Many “for beginners” explanations of git are very surface level and often make a few critical errors. First, in an effort to make things “beginner friendly”, they hide the graph-based nature of git from the reader. Instead they simplify things down to a variation of git clone, add, commit, push. Maybe branching might be covered.
Many tutorials also make the critical assumption that the reader has some sort of engineering background. There’s a lot of background terminology, and knowledge (why do you want to version files? what is branch/merge? what’s a diff?) that is sometimes assumed. Even concepts like BLOBs and file formats can be passed over as self-explanatory when they’re not for a non-eng audience.
Finally, most git tutorials involve using Github, the de facto git repository host to the world. That’s fine for many people, but since I’m not using Github for this, all those bits are somewhat irrelevant. Git’s fairly robust in terms of handling remotes the same, but the very detailed workflows around setting up SSH keys, forking and making pull requests, etc., don’t carry over very well.
So instead of searching and wading through literally thousands of very similar tutorials online, that had many of those flaws (even for ones targeted at non-programmers)…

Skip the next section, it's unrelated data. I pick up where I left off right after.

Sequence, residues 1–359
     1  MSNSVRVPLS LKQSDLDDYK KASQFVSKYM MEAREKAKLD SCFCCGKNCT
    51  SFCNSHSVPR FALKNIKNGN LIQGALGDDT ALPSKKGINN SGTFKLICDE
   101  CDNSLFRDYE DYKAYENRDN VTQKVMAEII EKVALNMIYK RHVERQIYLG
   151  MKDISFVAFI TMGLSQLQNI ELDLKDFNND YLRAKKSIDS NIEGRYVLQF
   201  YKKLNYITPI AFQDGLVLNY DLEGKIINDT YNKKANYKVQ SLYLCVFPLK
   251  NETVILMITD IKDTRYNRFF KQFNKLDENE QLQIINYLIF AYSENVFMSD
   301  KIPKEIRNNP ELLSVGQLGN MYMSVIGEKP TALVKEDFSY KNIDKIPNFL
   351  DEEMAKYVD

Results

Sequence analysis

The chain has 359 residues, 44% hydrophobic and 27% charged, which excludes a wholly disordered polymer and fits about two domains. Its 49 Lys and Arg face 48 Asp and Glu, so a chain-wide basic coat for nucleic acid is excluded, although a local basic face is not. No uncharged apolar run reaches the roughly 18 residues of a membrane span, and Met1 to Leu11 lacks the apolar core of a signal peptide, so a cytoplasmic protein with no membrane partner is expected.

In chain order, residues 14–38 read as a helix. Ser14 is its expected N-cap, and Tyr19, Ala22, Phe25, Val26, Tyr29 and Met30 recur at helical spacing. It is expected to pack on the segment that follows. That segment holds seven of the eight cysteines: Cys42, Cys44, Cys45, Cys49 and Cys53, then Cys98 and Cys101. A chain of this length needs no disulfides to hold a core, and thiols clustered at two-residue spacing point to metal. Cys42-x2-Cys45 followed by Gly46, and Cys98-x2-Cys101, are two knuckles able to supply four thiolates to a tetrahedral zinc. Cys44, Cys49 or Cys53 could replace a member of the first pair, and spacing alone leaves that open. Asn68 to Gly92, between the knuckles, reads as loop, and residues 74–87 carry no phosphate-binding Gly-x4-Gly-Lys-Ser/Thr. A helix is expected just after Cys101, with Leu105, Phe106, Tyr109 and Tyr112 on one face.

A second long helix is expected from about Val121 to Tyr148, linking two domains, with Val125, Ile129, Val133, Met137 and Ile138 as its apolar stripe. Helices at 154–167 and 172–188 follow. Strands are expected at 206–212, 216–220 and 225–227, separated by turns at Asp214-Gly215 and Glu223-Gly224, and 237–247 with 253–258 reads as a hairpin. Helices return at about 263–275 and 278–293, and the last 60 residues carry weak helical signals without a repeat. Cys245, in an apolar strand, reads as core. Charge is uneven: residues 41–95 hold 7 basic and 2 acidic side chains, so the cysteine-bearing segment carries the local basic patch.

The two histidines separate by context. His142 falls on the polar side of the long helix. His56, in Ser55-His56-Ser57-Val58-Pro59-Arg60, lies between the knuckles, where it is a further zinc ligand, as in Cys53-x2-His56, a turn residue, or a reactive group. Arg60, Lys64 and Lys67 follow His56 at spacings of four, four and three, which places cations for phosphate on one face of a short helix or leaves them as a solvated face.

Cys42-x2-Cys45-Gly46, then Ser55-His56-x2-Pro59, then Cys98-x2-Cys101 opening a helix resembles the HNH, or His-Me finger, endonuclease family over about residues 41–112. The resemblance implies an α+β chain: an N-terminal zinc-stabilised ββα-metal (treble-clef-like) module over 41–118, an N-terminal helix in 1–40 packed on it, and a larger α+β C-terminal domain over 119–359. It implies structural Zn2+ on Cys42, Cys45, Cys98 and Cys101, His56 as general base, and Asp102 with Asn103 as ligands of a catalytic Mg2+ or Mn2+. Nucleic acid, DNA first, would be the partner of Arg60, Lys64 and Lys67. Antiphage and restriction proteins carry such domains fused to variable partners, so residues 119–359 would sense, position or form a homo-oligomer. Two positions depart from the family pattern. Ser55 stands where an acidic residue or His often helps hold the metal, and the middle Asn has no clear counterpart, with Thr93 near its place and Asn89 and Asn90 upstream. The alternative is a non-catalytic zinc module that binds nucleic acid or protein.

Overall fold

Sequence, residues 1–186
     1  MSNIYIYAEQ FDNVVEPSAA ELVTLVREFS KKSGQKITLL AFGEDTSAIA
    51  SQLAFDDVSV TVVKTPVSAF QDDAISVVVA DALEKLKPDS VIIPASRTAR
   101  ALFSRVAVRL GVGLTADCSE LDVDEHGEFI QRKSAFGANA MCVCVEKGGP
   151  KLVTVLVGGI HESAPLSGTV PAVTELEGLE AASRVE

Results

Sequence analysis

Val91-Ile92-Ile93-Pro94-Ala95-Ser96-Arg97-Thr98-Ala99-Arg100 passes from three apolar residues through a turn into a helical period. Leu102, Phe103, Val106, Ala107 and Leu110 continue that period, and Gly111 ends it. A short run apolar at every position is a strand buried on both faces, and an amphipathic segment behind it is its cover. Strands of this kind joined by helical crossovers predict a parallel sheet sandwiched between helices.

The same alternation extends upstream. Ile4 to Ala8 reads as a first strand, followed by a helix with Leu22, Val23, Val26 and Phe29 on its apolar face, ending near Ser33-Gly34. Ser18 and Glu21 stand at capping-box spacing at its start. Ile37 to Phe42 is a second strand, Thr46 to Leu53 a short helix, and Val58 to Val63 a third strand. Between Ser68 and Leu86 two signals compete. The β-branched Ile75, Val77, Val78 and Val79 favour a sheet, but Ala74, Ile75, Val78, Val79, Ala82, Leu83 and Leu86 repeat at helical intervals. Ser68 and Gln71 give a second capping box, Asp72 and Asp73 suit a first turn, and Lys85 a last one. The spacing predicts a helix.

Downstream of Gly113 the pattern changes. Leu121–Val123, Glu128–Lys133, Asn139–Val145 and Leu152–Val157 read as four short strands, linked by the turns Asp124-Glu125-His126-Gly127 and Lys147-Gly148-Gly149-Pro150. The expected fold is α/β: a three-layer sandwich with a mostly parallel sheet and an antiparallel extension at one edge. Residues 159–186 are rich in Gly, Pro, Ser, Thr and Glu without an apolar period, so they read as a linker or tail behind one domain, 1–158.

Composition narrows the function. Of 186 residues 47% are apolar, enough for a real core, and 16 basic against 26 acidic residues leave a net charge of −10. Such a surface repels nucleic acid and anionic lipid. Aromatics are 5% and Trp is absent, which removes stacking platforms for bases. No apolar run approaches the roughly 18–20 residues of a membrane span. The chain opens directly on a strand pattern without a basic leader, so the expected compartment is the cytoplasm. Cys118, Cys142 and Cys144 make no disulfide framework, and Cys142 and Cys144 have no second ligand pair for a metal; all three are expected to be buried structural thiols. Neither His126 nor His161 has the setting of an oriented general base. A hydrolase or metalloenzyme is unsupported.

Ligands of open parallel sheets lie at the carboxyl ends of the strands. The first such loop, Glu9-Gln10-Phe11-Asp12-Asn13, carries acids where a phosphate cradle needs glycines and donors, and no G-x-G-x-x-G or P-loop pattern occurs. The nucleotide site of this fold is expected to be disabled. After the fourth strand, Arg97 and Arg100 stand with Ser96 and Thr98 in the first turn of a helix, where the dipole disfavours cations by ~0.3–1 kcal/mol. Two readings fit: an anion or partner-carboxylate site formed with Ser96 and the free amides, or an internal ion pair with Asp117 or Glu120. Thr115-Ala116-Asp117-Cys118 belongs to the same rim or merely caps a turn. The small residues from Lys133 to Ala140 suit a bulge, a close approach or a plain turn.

I asked Twitter for examples that taught good mental models for git.
And Twitter delivered in spades! The question hit a sweet intersection between awesome data folk, and awesome engineer folk, all of which are teaching people new to coding how to code or otherwise learning themselves. Here’s some of the favorites that I plucked out of the things people sent me.
Git for Humans
First is Git for Humans, by @alicebartlett which doesn’t show any git commands at all. Instead it focuses on explaining the various terms and the story of why you’re using git in the first place—to version files, time travel while checking out, merging changes and distributing to remotes. Having this vocabulary means that someone who reads a more in-depth tutorial that does show actual commands will (hopefully) not be too overwhelmed.
Next up, I really liked the thoroughness of Atlassian Bitbucket’s git tutorial. The explanations are very well written, with an eye on being technically correct but clear. The one issue is that it is LONG. There’s a lot of content there, as befitting a complicated piece of software. It’s probably too long to tell a newbie to look at, but pointing to very specific sections seems doable.